Raw eggs for dogs

Rather than hijack THIS thread I’ll start my own.

I’ve given a raw egg mixed in with dry food to every dog I’ve ever had. Labs, bulldogs, pugs. Breed didn’t matter. Every one had a softer, shinier coat with less shedding after I started putting an egg in their food.

Not one exhibited any outward indication of dificulty, discomfort, or illness. EVER.

Yet my vet and friends tell me giving a dog a raw egg, even occassionally, is very bad. My experience says otherwise, and I’m not stopping until I’m convinced. So…convince me.

You could just add about 1/3 cup of a good quality oil, like wheat-germ oil, olive oil, or just plain corn oil or vegetable oil, to your dog’s food occasionally. That would achieve the same thing, at lower cost, and without the risk of raw eggs.
That risk is really rather small.

Raw eggs (egg white, actually) can interfere with the absorbtion of a B vitamin that dogs need for their skin & coat. But if your dog has a regular balanced diet, you’d have to feed raw eggs pretty constantly to accumulate enough to seriously hurt your dog.

Raw eggs could also cause a risk of salmonella in dogs, just as in humans. Though the risk of this seems to be declining with modern egg production methods.

Think about what a fox, coyote or wolf would eat in the wild. An egg won’t harm your dog.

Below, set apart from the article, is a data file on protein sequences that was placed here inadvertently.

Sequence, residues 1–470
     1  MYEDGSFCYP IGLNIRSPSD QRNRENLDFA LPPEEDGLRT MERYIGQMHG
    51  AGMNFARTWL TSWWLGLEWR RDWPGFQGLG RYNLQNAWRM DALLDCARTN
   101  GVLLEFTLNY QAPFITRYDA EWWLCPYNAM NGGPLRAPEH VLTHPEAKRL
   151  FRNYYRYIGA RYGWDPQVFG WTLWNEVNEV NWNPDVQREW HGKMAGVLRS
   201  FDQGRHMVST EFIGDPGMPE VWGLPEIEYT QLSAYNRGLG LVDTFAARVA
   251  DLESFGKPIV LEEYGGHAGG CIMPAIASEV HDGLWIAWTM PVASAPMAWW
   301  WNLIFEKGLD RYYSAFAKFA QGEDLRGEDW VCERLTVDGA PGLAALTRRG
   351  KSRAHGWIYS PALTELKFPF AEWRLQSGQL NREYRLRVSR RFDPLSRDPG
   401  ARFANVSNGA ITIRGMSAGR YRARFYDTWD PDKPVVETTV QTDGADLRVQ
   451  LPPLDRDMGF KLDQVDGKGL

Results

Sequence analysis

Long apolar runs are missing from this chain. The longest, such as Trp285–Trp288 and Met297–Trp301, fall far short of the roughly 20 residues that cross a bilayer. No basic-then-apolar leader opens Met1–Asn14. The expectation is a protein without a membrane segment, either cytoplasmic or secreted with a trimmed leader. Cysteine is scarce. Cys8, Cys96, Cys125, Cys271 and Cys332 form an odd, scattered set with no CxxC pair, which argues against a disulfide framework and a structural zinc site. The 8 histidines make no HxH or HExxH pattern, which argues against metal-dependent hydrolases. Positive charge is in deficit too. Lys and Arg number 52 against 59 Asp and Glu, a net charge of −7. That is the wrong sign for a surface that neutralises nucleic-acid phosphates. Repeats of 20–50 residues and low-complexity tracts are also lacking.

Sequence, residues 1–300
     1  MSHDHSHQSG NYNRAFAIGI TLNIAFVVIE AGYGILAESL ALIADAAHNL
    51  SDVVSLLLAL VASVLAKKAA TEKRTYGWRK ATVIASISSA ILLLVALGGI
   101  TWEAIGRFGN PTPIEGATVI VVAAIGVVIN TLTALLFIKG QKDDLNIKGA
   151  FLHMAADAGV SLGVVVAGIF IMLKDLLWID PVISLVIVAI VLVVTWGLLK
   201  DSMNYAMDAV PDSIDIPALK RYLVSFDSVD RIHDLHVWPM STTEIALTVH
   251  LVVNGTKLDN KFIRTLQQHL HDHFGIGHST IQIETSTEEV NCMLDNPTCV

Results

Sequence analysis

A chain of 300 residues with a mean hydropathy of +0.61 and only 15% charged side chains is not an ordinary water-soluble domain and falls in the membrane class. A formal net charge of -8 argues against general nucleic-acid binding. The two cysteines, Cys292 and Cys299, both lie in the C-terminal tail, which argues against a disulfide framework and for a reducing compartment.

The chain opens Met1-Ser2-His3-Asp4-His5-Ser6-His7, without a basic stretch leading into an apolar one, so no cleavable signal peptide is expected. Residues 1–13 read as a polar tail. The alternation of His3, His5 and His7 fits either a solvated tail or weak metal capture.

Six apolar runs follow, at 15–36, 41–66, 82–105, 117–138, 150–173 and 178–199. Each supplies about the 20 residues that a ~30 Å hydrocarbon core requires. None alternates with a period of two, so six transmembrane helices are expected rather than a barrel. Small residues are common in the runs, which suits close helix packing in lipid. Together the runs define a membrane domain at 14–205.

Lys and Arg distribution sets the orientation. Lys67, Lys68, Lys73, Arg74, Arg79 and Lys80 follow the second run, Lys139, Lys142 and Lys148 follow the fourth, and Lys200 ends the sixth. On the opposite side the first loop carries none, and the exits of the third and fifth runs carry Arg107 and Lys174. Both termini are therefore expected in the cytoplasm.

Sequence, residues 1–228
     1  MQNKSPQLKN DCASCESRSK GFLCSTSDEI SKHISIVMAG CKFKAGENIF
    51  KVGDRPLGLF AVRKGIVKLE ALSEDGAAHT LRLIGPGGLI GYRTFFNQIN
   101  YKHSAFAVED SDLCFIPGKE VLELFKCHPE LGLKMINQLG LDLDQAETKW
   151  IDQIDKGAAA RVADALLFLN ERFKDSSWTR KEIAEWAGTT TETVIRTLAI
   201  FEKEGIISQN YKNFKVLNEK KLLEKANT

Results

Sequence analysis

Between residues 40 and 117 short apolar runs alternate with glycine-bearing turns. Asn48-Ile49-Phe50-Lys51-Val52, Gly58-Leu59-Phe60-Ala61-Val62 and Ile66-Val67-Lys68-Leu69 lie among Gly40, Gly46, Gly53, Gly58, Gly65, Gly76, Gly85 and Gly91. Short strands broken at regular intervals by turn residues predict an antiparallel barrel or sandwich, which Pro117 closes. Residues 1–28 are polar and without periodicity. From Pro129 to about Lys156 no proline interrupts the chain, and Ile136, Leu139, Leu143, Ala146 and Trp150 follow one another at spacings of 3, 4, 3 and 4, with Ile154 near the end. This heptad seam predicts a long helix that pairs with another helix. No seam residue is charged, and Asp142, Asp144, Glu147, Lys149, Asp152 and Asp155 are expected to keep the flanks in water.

how about flax seed oil?

Some years ago I owned a racing greyhound. It was kenneled with a trainer but I used to walk it every Sunday. After exercise I would feed it a mixture of raw eggs and sherry, easy on the sherry.

It won races.

Your friends I can forgive but your vet ? did he explain why it was bad? Does he think that it’s also bad and dangeroud for humans to eat raw eggs maybe?

Now you’ll probably get a lot of replies from people stating how bad it is to feed a dog raw food though few can ever actually prove their claims. Then again all I have to prove my claims is 2 dogs who both lived to 14 eating at elast 1 raw egg every week.

if you get convinced otherwise then fish oil will probably be just as good for its coat.

I’ve always fed my dogs raw eggs, too, and without incident. I even give them (gasp!) raw meat scraps. No problems. They’re dogs. Unless you have one of those dogs with really sensitive stomachs (and they are out there) they seem to be able to handle most foods. As another poster said, imagine what they would eat in the wild.

I have been advised to give my dog yolks only since … something about being more susceptible to biotin depletion due to something in egg white something something… anybody know what I’m talking about?

Both dogs and humans can get away with eating raw eggs or raw meat – most of the time. The danger is not an inevitable consequence of raw foods – it’s a risk. Eggs and meat can be contaminated with bacteria or bacterial toxins, and these can only be eliminated by thorough cooking.

Most eggs and meat sold in the U.S. are perfectly safe – but the risk remains. If you’re willing to eat carpaccio or fresh caesar dressing, you might as well subject your dog to the same risk, minimizing his chances of illness by handling raw foods properly – keeping them refrigerated until consumption, washing up before handling them (and in between handling chicken and eggs, for example), etc.